After a week out of the classroom, and a concerted effort to plan cover lessons in fool-proof detail (see here), I returned with a heavy heart. This feeling was vindicated when I saw my classroom after my short absence. I doubt that my desk had been intact for even one day, let alone several. And yet there is some gratification to be had from the experience, which is just enough to sustain me as I try to work my way through the confetti on my desk, and try to ascertain what, if any, work my classes managed to do when I was away. Because children, even if they spend half their time rallying against you, cursing you, slagging you off to their parents and friends, refusing to work for you, etc, do actually like the familiarity of the routine. Even if that routine is turning up late to your lessons, chatting for ten minutes after their arrival, not bothering to do any work or listen or join in. They seem to be comforted by the fact that they know it’s you there, at the front of the class, and when they are actually forced to do something productive, you’re not going to be that hard on them when they produce a pile of twaddle, and so they can get on with the more important things like passing notes or texting under the table. Or if they do end up in detention, well that’s a fair cop, and they know they deserved it, and although they may shout for a bit or act up in front of their friends, they know their time has come for retribution.
So when they swan up to your room late and find out that it’s not you there, but some sergeant major type, or a flaky woman past retirement age, or a nervous NQT, several emotions must swim through their minds, ranging from “I’m going to get in trouble for being late now” to “Great! A free lesson ‘cos teacher’s away” and including “Right, so what’s this duffer’s Achilles heel then” (although I suspect the last one is only for public school types and those who understood “Troy”). But strangely enough, the most common reaction to having a stranger in the classroom seems to be a slightly unsettling feeling. The kids don’t like feeling unsettled. It’s bad enough being a kid anyway, without further unsettling things happening.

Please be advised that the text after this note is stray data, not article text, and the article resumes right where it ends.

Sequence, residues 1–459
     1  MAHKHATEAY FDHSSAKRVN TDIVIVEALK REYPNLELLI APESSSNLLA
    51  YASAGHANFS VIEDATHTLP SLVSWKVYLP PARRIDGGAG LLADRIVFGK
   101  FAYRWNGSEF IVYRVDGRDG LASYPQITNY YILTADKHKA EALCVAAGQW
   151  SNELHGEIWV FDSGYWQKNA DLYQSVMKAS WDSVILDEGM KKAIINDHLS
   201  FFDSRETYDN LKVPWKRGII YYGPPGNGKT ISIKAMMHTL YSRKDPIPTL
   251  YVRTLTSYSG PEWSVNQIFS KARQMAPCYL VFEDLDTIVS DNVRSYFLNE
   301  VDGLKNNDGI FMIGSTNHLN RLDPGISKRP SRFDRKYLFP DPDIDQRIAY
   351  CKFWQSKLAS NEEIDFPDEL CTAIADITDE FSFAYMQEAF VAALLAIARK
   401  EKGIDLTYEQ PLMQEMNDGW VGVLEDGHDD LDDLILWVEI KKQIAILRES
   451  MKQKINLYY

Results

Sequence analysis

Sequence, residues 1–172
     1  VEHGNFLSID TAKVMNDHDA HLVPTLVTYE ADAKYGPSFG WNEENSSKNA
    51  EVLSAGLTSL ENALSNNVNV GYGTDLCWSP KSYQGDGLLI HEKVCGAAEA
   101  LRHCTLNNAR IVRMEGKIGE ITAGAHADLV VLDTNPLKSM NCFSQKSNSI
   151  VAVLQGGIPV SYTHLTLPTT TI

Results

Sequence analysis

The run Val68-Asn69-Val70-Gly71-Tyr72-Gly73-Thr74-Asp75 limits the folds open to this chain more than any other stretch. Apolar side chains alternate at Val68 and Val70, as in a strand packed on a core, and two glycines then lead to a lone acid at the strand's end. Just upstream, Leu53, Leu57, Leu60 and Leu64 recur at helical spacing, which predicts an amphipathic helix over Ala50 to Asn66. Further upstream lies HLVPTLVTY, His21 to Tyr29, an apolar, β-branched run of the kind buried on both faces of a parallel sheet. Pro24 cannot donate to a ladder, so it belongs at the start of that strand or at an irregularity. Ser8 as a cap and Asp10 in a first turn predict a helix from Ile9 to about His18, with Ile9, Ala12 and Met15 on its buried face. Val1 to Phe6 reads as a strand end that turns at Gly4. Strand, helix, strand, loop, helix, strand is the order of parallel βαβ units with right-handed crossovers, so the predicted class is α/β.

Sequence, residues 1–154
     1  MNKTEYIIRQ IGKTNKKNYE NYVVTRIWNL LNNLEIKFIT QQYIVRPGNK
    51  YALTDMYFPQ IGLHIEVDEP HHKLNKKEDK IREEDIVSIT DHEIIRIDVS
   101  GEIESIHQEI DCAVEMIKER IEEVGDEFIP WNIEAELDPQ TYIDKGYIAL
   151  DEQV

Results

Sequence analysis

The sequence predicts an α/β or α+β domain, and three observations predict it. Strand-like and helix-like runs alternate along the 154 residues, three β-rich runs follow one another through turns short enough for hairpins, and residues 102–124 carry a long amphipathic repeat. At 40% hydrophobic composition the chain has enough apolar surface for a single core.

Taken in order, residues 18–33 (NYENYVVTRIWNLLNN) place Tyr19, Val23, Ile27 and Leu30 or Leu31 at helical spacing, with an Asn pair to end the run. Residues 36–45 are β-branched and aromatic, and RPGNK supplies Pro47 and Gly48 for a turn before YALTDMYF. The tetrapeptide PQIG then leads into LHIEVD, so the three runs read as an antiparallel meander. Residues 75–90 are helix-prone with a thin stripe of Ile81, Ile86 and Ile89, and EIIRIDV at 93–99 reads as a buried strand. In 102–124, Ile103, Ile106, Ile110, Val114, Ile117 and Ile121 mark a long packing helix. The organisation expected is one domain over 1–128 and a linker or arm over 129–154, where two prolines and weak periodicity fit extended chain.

You have an important decision to make – to choose a Primary School for your child. In 2003 OFSTED described our school as a “very good school with some excellent features”. We feel proud of our school and hope you will consider Wallands for your child.
The school is well known for being a very happy, open and vibrant school as well as for the outstanding quality and work of its staff, who are experienced and approachable. We believe in high standards both in the core subjects and in the more artistic side of the curriculum. Visitors will find stimulating displays of children’s work throughout the school and there is a strong musical tradition at Wallands. In addition the school is increasingly strong at PE and computer work.
At Wallands we strive to help children to develop a positive self-image through knowledge of the world and of themselves. The skills of good communication, independence and awareness of self and others, are taught in the context of a clear moral framework. Spiritual values, creative expression and logical thought are encouraged. It is a school in which clear expectations are set in terms of work and behaviour and where equal access to the curriculum is provided for each child. Full details of the curriculum are available at the school.
Reception and Key Stage 1 classes are limited to a maximum of 30 and Key Stage 2 to a maximum of 32. All classes are very well supported by Teaching Assistants with full time assistants in Reception classes. Our aim is to ensure that all children enjoy school and experience success, whilst also achieving the highest standard of which they are capable.